27.Further the plaintiffs filed without leave of court additional affidavits on 3.3.2020. The defendant filed a defence, case summary and witness statements. Pretrial directions were eventually given for each of the parties to exchange their responses and file paginated bundles. Looking at the record at no time did any of the parties before the matter was fixed for hearing object to the particular pleading(s).
28.The above notwithstanding, courts have held that a claim for adverse possession can be brought by way of plaint see Marba vs Marba Civil Appeal No. 188 of 2002 and Wabala vs Okuma (1997) L.L.R 609 CAK quoted with approval in Chervon (K) Ltd vs Harrison Charo wa Shutu (2016) eKLR.
29.Order 37 Rule 7 Civil Procedure Rules and Section 38 Cap 22 does not specifically state the manner in which a defendant must approach the court. Under Section 2 of the Civil Procedure Act as pleading is defined to include a statement in writing by either the plaintiff or the defendant.
30.That this court has a wider power to do substantive justice to the parties is not in dispute. My finding is therefore the Originating Summons is properly defended by the defendant. I see no harm in the parties relying on whatever response(s) for or against this suit more so when no prejudice has been said to have been occasioned to any party by non-compliance with any particular procedure.
31.Further Order 37 Rule 19 Civil Procedure Rules gives the court discretion to continue the proceedings as if the same were begun by way of a plaint and that the court may order affidavits filed thereof to stand as pleadings with or without liberty to any party to add to or apply for particulars of those affidavits.
32.In this matter the plaintiffs did not object to the defence, the witness statements and the list of documents during pretrial conference. Directions were given for the matter to be heard viva voce based on the pleadings filed herein.
33.For a party to establish adverse possession, there must be prove that the entry was without permission, uninterrupted for 12 years and to the detriment of the registered owner.
34.Adverse possession contemplates two concepts – possession and discontinuation of possession of the registered owner.
35.In Mbira vs Qachuli (2002) 1EARL 131 the court held that an applicant must prove non-permissive or non – consensual actual, open, notorious, exclusive and adverse use by him or those under whom he claims for the statutory period without interruptions.
36.In this matter the plaintiffs have pleaded and testified that the suit land was ancestral land initially registered in the name of their great grandmother.
37.Further the plaintiffs have alleged that they are co-owner(s) having been allowed in 1980 to construct and occupy the land till the filing of this suit to the extent of half share of the registered land.
38.Court have held that possession is a question of fact and degree. In Wilson Kazungu Katana and 10 others vs Salim Abdalla Bakshwein & another (2015) eKLR, the Court of Appeal held the parcel of land must be registered in the name of a person other than an applicant, the applicant must be in open and exclusive possession in an adverse manner to the title of the owner for a period of 12 years, having disposed the owner.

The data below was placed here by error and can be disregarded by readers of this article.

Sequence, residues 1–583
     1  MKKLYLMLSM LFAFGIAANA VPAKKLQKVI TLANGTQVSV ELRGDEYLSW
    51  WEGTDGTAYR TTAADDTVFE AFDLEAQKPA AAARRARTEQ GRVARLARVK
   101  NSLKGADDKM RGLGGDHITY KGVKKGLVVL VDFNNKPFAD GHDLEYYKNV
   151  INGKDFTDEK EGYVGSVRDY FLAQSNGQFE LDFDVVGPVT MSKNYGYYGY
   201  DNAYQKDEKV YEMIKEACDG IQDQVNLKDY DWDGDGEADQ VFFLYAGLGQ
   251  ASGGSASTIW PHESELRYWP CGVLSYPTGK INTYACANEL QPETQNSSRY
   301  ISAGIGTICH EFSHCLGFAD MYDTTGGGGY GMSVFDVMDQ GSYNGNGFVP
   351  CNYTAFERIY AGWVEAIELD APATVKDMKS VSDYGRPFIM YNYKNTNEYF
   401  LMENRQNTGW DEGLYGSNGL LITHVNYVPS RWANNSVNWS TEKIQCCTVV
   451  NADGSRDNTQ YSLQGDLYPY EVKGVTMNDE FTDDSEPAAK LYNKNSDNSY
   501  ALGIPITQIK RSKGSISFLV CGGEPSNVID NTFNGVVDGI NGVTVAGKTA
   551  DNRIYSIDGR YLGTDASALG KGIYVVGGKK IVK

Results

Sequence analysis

39.The plaintiff’s evidence is that they have been occupying a portion of the suit land which possession has been inconsistent with the rights of the previous owner, there was no consent to occupy the suit land, they believed the land was theirs and that the former owner did not ever assert his ownership to their detriment during his lifetime if at all he is the one who had consented to their occupation and or possession in 1980.
40.In their evidence the plaintiffs testified that they had occupied and developed their side of the suit land exclusively whereas the defendant was on the other side of the land.
41.In Kamataka Board of Wakf vs Government of India & others (2004) 10 SCC 779 the court held in the eye of the law an owner would be deemed to be in possession of a property so long as there was no intrusion and that in adverse possession the possession must be adequate, in continuity, in publicity and in extent to show the possession was adverse to the true owner(s).
42.In Peter Thuo Kairu vs Kuria Gicheru (1988) 2 KLR the Court of Appeal held adverse possession subsists not only against the present holders but also their predecessors in title.
43.The evidence before this court shows the plaintiffs settled on the land in 1980 while the defendant’s father was alive and subsisted until he died in 2015. The deceased never asserted his rights even after a caution was lodged on March 30, 1997 by one Mwanaisha Kairu Yusuf.
44.Due to this long possession and occupation the plaintiffs have pleaded and testified as a matter of right are entitled to the land by virtue of prescription. The defendant’s late father became the registered owner on January 8, 1970 while the plaintiffs’ entered the land and began occupying it in 1980. This fact is admitted by the defendant. It is however not clear from the defendant on what basis the plaintiffs were allowed and have been occupying the suit land and why there has been no notice for them to vacate the land. There is also no evidence of the occupation being interrupted and or disrupted. Similarly, there is no evidence that the defendant or their predecessor in title ever gave a notice to vacate the land.